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Call for clarity over nicotine’s effects

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Smokers may be put off by e-cigarettes Smokers may be put off by e-cigarettes

The Royal Society of Public Health has urged healthcare professionals to educate the public on the minimal health risk posed by nicotine in smoking cessation aids.

The call came after a survey performed by the Royal Society of Public Health found that 90% of people believe that nicotine is directly harmful to health. They say that while nicotine is addictive, it is 'fairly harmless' and it is the chemicals in tobacco products that damage the lungs and body. The society has said that patients may be put off using smoking cessation aids such as e-cigarettes and nicotine chewing gum due to the perception that the nicotine in these products is just as harmful as tobacco.

Hazel Cheeseman, director of policy at health charity Action on Smoking and Health said: 'Scientists have known for many years that it's the smoke in cigarettes that's deadly not the nicotine. Unfortunately this is not yet well understood by smokers, medical professionals or the media, many of whom still think nicotine causes cancer and heart disease. The persistence of this misconception will cost lives as smokers who otherwise would switch to alternative sources of nicotine are put off. The time for this misunderstanding to be put right is long overdue.'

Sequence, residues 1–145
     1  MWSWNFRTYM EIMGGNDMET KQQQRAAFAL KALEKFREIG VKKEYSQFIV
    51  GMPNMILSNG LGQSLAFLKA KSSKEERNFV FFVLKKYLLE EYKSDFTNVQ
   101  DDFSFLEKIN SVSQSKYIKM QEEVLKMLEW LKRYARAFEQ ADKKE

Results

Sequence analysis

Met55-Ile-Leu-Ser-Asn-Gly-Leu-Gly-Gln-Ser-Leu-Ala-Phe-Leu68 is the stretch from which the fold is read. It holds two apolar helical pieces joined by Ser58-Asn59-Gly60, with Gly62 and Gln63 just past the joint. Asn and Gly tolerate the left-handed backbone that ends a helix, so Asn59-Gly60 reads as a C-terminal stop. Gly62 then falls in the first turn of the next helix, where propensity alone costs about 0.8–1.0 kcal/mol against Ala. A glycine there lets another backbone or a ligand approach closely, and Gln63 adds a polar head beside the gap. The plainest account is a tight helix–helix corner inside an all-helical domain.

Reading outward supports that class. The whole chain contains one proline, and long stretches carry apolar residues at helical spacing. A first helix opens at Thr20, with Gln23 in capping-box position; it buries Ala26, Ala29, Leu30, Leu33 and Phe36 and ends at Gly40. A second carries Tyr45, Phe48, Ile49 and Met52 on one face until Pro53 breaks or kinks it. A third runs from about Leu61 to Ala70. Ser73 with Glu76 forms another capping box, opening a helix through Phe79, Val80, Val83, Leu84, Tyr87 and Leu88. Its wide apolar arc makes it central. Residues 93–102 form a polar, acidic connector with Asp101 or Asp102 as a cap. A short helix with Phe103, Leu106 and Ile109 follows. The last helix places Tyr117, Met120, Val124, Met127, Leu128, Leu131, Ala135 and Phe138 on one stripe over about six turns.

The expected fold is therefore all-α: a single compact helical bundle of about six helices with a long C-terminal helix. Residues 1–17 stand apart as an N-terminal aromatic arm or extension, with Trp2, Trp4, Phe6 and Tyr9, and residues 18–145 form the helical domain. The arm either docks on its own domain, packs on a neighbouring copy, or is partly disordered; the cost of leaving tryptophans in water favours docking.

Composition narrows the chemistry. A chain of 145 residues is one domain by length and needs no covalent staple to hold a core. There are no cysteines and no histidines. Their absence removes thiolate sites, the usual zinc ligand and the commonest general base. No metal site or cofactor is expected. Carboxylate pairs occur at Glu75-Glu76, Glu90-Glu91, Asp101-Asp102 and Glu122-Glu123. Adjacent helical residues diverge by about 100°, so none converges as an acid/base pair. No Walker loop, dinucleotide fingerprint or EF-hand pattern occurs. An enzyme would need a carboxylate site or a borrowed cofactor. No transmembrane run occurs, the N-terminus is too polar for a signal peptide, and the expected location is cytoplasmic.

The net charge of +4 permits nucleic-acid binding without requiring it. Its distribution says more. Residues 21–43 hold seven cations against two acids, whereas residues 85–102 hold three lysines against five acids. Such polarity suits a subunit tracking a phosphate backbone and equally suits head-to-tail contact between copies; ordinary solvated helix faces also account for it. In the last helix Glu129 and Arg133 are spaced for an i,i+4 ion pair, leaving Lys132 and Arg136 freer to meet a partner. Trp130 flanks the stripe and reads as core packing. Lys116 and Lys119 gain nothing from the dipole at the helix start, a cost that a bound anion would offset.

The society also called for several changes to be made to current anti-smoking policy. These include renaming e-cigarettes nicotine sticks or vapourisers to distance them from cigarettes, introducing a mandatory smoking exclusion zone around pubs, bars and schools, which would allow use of e-cigarettes but not tobacco products, and requiring shops that sell tobacco products to sell nicotine replacement products alongside them.

Shirley Cramer, chief executive of the Royal Society of Public Health, said: 'Clearly we would rather people didn't smoke, but in line with NICE guidance on reducing the harm from tobacco, using safer forms of nicotine such as NRT and e-cigarettes are effective in helping people quit. Getting people onto nicotine rather than using tobacco would make a big difference to the public's health.

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